The permanence of brick-veneered walls is largely dependent on the number and the proper fastening of the small anchors shown.
The average bulge is developed because of lack of anchors, a heavy explosion in the immediate neighborhood, or because the weather has gotten behind the veneer and formed ice which force the wall out. Usually the weather will get behind the wall from around window or door frames, but if these points are kept caulked up, you should not experience any trouble from that cause.
Another favorite method of exterior house covering is stucco. Before the use of metal lath became general, wood lath was used. As soon as a crack developed in the coat of stucco, moisture would get in behind it and attack the wood lath. Probably everyone has seen stucco houses so badly gone that the coating was falling off in large pieces. Invariably these were wood lath jobs, and quite impossible to repair properly. When metal lath is used, the stucco job is liable to hold up better, and incidently it can be kept in repair with greater ease.
The first rule in keeping stucco walls in good shape is constant vigilance. As soon as a crack appears it must have immediate attention. If you neglect it, it will increase in size rapidly. There are special paints on the market which are made for use on stucco walls. They will fill all hair-cracks and tighten up the surface. It is also good practice to paint stucco walls with a coat of thin cement, which will do the same job.
Care should be exercised in maintaining stucco walls. All small cracks or defects should be repaired at once to avoid growth.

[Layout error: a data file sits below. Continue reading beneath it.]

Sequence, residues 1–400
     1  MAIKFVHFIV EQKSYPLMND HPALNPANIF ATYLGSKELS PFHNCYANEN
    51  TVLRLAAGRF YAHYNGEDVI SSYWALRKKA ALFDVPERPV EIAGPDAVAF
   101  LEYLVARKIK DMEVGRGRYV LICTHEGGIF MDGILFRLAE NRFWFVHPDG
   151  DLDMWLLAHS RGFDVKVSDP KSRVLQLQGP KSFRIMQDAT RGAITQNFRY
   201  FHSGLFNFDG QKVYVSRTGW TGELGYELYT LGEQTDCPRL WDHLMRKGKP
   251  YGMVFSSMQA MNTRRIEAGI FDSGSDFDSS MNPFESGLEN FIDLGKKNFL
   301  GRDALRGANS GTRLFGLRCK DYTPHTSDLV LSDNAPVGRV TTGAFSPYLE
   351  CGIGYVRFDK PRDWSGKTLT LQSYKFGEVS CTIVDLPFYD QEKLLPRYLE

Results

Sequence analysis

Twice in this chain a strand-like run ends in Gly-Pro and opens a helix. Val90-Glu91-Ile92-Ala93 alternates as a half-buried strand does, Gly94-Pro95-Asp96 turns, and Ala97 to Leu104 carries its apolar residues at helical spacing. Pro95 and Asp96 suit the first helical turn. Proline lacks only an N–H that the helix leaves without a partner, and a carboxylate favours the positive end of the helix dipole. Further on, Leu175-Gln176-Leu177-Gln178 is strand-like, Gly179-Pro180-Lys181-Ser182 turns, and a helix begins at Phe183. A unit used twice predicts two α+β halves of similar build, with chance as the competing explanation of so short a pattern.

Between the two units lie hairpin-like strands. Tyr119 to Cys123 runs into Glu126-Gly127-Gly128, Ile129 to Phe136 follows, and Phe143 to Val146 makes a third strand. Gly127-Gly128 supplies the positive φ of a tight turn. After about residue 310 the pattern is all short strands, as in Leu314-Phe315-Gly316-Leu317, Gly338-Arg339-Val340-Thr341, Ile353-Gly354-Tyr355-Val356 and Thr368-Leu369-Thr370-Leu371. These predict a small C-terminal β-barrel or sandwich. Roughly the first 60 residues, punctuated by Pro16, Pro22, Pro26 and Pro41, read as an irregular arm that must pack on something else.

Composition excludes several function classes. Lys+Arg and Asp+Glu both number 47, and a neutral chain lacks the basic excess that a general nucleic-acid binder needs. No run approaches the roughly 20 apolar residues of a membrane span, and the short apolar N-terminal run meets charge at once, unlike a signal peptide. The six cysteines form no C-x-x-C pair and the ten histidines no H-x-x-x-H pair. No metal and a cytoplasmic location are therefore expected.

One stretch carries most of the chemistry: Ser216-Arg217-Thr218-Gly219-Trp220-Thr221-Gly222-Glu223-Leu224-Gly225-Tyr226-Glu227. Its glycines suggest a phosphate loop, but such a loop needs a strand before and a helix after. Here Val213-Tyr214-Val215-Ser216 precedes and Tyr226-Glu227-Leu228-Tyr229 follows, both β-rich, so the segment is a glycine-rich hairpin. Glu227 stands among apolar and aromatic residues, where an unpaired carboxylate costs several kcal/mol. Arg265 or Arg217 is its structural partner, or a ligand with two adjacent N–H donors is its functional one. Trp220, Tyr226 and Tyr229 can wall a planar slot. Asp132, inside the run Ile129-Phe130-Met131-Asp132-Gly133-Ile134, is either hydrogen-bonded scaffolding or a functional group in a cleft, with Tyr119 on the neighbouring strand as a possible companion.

You will frequently see where a slight settling of the house has caused long vertical cracks, and where a compound with an oil base has been used to repair them, with the result that the oil stained the surface for a few inches on both sides of the cracks and the house looks very badly. That is not the way to repair a stucco wall. If caulking is used, it must be non-staining. There is no use in advertising to the neighborhood that your house is in bad shape, particularly when the proper methods of repairing are available to you.
Solid stone walls usually denote a house of excellent quality. Stone-veneer requires the same attention as brick veneer.
Exterior stone walls usually denote a solid job of house building. Once in a great while you do find a house with stone veneer walls, but not very often. The care of these follows the line of recommendations for brick veneered walls. The solid stone job will never require any repair whatever, except perhaps to the joints, and these should be treated as already suggested. Laying up a stone wall is quite an art, because the stone-mason must study each stone he uses, turning it over and over before he decides how to bed it. Usually when he has finished, you will find a piece of masonry which is good forever. Watch the joints, and you are doing all that the amateur could hope to accomplish.
Beneath the exterior finish of the average house, there is a skin of material which backs up the outer wall. Wood sheathing has been a standard for many years. It is applied diagonally. Insulating board and plywood sheets have demonstrated their practical value in the small house building field. (See Chapter III.)
Wood or asbestos shingles are one of the favorite exterior finishes in use today. The ease with which one or more shingles can be replaced is obvious.
(See Chapter III.)
Solid brick or brick-veneered walls are another of the most popular small house exterior finishes. A workman-like job such as illustrated is sure to give satisfaction. (See Chapter III.)